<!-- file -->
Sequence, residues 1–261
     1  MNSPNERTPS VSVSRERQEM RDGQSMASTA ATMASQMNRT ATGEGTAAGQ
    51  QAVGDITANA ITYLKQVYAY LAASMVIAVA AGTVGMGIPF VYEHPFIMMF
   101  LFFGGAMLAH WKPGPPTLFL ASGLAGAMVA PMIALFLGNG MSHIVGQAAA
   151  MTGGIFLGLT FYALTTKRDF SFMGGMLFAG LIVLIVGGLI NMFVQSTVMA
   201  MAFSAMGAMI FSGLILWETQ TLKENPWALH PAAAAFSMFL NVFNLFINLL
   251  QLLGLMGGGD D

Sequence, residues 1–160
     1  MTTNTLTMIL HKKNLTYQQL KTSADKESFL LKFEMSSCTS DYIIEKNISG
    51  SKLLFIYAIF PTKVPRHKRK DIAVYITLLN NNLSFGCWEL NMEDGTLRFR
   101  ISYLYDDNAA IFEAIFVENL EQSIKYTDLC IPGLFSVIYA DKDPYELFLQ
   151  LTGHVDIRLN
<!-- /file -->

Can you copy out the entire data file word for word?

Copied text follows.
Sequence, residues 1–261
     1  MNSPNERTPS VSVSRERQEM RDGQSMASTA ATMASQMNRT ATGEGTAAGQ
    51  QAVGDITANA ITYLKQVYAY LAASMVIAVA AGTVGMGIPF VYEHPFIMMF
   101  LFFGGAMLAH WKPGPPTLFL ASGLAGAMVA PMIALFLGNG MSHIVGQAAA
   151  MTGGIFLGLT FYALTTKRDF SFMGGMLFAG LIVLIVGGLI NMFVQSTVMA
   201  MAFSAMGAMI FSGLILWETQ TLKENPWALH PAAAAFSMFL NVFNLFINLL
   251  QLLGLMGGGD D

Sequence, residues 1–160
     1  MTTNTLTMIL HKKNLTYQQL KTSADKESFL LKFEMSSCTS DYIIEKNISG
    51  SKLLFIYAIF PTKVPRHKRK DIAVYITLLN NNLSFGCWEL NMEDGTLRFR
   101  ISYLYDDNAA IFEAIFVENL EQSIKYTDLC IPGLFSVIYA DKDPYELFLQ
   151  LTGHVDIRLN